SerenityOS

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SerenityOS
Logo of SerenityOS.png
Serenity OS Busy Screenshot, 2021-08-27.png
DeveloperAndreas Kling and the SerenityOS community
Written inC++
OS familyUnix-like
Working stateCurrent
Source modelOpen source
Initial releaseOctober 10, 2018; 2 years ago (2018-10-10)
Repository
Available inEnglish
Package managerNone
Platformsx86, x86-64
UserlandPOSIX
Default
user interface
GUI
LicenseBSD-2-Clause
Official websitewww.serenityos.org

SerenityOS is a free and open source desktop operating system in continuous development since 2018. Initially the one-man project of Swedish programmer Andreas Kling, SerenityOS is now developed by a community of hobbyists. The system supports the x86 and x86-64 instruction sets, features a preemptive kernel, and hosts multiple complex applications including its own web browser and integrated development environment (IDE).[1][2]

Features[edit]

SerenityOS aims to be a modern Unix-like operating system, yet with a look and feel that emulates 1990s operating systems such as Microsoft Windows and Mac OS.[3] In an approach contrasting with similar projects such as Haiku, every line of code in SerenityOS from the kernel to the web browser is purpose-written for the system by its contributors.[1]

The relative popularity of SerenityOS compared to other hobbyist systems is in part due to the modest success of Kling's YouTube channel, where he uploads videos of him developing parts of the system alongside monthly progress updates.[4]

History[edit]

Kling began developing the project in part to aid his recovery from addiction, and as such the name of the project derives from the Serenity Prayer.[5] As of 2021, Kling works full-time on SerenityOS, supported by community donations.[5]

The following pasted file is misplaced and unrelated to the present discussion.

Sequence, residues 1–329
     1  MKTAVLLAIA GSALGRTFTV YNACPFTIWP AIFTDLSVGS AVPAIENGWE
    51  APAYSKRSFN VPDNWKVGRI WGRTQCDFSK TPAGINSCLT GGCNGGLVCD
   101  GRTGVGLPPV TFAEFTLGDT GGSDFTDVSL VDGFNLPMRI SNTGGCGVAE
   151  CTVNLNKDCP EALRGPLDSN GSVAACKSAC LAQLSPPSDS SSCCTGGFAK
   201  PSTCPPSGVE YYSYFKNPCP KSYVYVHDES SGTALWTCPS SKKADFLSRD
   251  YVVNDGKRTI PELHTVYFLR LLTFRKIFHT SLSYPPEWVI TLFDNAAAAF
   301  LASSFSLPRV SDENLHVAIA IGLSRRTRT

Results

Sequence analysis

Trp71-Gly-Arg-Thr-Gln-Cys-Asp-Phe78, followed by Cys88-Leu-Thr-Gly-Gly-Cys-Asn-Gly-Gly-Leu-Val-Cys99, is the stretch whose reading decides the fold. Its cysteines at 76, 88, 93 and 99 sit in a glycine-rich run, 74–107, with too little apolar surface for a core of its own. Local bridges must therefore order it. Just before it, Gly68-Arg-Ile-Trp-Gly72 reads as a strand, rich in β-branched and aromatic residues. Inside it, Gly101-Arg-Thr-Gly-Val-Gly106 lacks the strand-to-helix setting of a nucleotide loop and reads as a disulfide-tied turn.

Reception[edit]

Jim Salter of Ars Technica regarded the file system his least favorite feature of the operating system. Compared to TempleOS (another operating system well known in the hobbyist communty), he considered it more accessible.[2] For less technical users, that are looking for a mid–to–late 90s reminissant visual style, Chicago95 or the Redmond Project has been recommended instead.[6]

References[edit]

  1. ^ a b Kling, Andreas. "SerenityOS". Retrieved 2021-08-26.
  2. ^ a b Salter, Jim (2021-08-18). "Not-a-Linux distro review: SerenityOS is a Unix-y love letter to the '90s". Ars Technica. Archived from the original on 2021-08-21. Retrieved 2021-08-18.
  3. ^ TIVI. "Ohjelmoija kehitti c++:lla uuden käyttöjärjestelmän, joka jäljittelee 1990-lukua". Tivi (in Finnish). Archived from the original on 2020-05-16. Retrieved 2021-08-18.
  4. ^ By (2020-02-24). "Reaching Serenity: Porting Git To A Homebrew Operating System". Hackaday. Archived from the original on 2020-02-24. Retrieved 2021-08-18.
  5. ^ a b Kling, Andreas (2021-05-28). "I quit my job to focus on SerenityOS full time".
  6. ^ Beschizza, Rob (2021-08-17). "A refined 90s-style operating system you can actually use". Boing Boing. Archived from the original on 2021-08-21. Retrieved 2021-08-18.

External links[edit]